Mespilus Germanica Westerveld
Mespilus Germanica Westerveld, commonly known as the ‘Westerveld’ Medlar Tree, is a small deciduous tree or large shrub that belongs to the Rosaceae family.
The medlar tree typically grows to a height of 3 to 6 meters, though it can vary depending on growing conditions and pruning. It has a rounded, bushy growth habit with spreading branches.
The leaves of the medlar tree are oval-shaped and alternate along the branches. They are dark green and have serrated edges. In Autumn, the leaves turn bright red before dropping. Medlar trees produce attractive white or creamy-white flowers in the spring. These fragrant flowers are a valuable source of nectar for pollinators.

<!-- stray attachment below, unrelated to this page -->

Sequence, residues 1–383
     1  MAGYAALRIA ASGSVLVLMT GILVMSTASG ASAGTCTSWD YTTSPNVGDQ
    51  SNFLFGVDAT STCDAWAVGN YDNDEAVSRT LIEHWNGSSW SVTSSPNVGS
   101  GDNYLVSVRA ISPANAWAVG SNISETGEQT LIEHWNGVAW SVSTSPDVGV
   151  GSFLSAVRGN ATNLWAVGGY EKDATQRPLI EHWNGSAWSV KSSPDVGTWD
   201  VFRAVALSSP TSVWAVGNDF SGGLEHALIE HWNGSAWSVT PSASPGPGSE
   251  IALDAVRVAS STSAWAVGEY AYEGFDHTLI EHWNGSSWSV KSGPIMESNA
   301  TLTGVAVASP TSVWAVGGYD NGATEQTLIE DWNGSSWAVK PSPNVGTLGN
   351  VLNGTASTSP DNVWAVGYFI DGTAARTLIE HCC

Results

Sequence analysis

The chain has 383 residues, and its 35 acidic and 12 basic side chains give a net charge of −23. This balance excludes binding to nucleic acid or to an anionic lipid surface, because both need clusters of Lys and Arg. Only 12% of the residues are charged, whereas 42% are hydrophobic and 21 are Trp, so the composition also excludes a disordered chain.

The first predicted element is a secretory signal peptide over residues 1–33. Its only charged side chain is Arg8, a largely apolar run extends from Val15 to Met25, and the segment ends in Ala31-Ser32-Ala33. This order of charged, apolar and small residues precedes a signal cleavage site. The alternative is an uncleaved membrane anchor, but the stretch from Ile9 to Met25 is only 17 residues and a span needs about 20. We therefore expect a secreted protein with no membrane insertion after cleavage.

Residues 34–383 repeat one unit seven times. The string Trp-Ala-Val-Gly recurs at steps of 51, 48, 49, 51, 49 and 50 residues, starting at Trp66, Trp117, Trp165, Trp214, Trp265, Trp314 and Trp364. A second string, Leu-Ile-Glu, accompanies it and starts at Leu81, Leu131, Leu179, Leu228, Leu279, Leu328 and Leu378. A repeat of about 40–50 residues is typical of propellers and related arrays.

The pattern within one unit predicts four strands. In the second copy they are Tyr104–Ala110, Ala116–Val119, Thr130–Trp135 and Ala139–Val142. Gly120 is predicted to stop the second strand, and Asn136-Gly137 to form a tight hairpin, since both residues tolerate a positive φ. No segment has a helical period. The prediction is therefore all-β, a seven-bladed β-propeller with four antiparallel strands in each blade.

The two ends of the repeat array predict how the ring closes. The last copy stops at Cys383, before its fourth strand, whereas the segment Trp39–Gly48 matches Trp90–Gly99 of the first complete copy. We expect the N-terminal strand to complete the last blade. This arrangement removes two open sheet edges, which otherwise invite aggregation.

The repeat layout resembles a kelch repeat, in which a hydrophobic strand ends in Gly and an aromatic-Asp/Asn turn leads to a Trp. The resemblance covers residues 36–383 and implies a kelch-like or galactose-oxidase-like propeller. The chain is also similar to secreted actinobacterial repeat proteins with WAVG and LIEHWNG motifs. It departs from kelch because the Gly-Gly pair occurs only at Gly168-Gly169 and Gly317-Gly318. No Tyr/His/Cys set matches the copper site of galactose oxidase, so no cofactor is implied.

The most distinctive feature of the medlar tree is its fruit, which is often called a “medlar.” The fruits of the ‘Westerveld’ variety are somewhat larger than other varieties, and when mature, the fruit has a unique appearance with a russet or brownish skin that looks wrinkled.
The flesh of the medlar fruit is soft and typically tart and astringent when eaten fresh from the tree. However, the fruit is usually left to ripen and soften after being picked, often through a process called “bletting,” which converts the astringent flesh into a sweet, custard-like consistency. The fruits are typically consumed fresh, used in cooking, or made into jams and jellies.
Name: Mespilus Germanica ‘Westerveld’
Approx. Height and spread: 3-6m x 3-5M
Soil Ph: All
Moisture: Well drained. Moist but well-drained
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